After every scandal comes the coverup. Katrina is a scandal. The cover-up is underway. Read Brian Williams’ blog:
At one fire scene, I counted law enforcement personnel (who I presume were on hand to guarantee the safety of the firefighters) from four separate jurisdictions, as far away as Connecticut and Illinois. And tempers are getting hot. While we were attempting to take pictures of the National Guard (a unit from Oklahoma) taking up positions outside a Brooks Brothers on the edge of the Quarter, the sergeant ordered us to the other side of the boulevard. The short version is: there won’t be any pictures of this particular group of guard soldiers on our newscast tonight. Rules (or I suspect in this case an order on a whim) like those do not HELP the palpable feeling that this area is somehow separate from the United States.
At that same fire scene, a police officer from out of town raised the muzzle of her weapon and aimed it at members of the media… obvious members of the media… armed only with notepads. Her actions (apparently because she thought reporters were encroaching on the scene) were over the top and she was told. There are automatic weapons and shotguns everywhere you look. It’s a stance that perhaps would have been appropriate during the open lawlessness that has long since ended on most of these streets. Someone else points out on television as I post this: the fact that the National Guard now bars entry (by journalists) to the very places where people last week were barred from LEAVING (The Convention Center and Superdome) is a kind of perverse and perfectly backward postscript to this awful chapter in American history.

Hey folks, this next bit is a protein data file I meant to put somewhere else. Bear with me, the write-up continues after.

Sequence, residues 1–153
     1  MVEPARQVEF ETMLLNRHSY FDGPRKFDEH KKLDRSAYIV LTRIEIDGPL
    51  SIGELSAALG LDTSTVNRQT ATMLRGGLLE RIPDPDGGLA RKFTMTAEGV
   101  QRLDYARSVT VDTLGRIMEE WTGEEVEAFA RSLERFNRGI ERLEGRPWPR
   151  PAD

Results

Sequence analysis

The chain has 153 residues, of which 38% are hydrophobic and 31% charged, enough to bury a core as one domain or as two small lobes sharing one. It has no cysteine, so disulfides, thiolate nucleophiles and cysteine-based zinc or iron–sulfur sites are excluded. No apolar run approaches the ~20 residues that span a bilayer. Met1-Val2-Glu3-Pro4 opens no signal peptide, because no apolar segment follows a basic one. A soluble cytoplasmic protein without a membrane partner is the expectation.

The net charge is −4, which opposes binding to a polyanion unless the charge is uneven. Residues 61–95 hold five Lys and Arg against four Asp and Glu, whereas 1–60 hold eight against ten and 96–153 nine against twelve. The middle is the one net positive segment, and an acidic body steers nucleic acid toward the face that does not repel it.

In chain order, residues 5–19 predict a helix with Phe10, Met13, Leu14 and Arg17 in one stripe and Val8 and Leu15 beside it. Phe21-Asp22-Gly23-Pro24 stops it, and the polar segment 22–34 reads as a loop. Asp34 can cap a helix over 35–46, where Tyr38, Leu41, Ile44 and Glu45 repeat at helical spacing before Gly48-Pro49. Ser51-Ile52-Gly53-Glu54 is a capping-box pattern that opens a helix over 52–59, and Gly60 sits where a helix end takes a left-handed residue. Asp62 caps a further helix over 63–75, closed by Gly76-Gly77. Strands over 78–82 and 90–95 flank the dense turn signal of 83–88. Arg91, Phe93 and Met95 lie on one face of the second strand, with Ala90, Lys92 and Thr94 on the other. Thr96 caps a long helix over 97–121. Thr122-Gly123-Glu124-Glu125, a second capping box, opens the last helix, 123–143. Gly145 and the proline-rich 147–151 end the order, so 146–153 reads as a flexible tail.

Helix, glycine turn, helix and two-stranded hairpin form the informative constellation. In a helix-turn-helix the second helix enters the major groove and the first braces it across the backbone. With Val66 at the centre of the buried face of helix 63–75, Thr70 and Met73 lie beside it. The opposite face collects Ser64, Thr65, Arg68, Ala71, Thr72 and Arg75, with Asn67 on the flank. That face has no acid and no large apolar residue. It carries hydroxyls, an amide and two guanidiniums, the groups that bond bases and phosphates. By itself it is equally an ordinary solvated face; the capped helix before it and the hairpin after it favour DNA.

FEMA also tried to order that the press not take pictures of bodies. Here‘s Josh Marshall on this.
If there were ever a story that demands the bright light of public scrutiny, this is it. And that is not just so people can be fired — though I’m still waiting for Brownie to get the axe — but so we can keep watch on dangerous government incompetence on behalf of our fellow citizens and so we can learn and prevent it the next time.
This is a story in which we can play some part: The survivors will soon start telling their stories. And we should be flooding the government with FOIAs.
: Reporters Without Borders issues a statement of concern about two incidents of violence against journalists.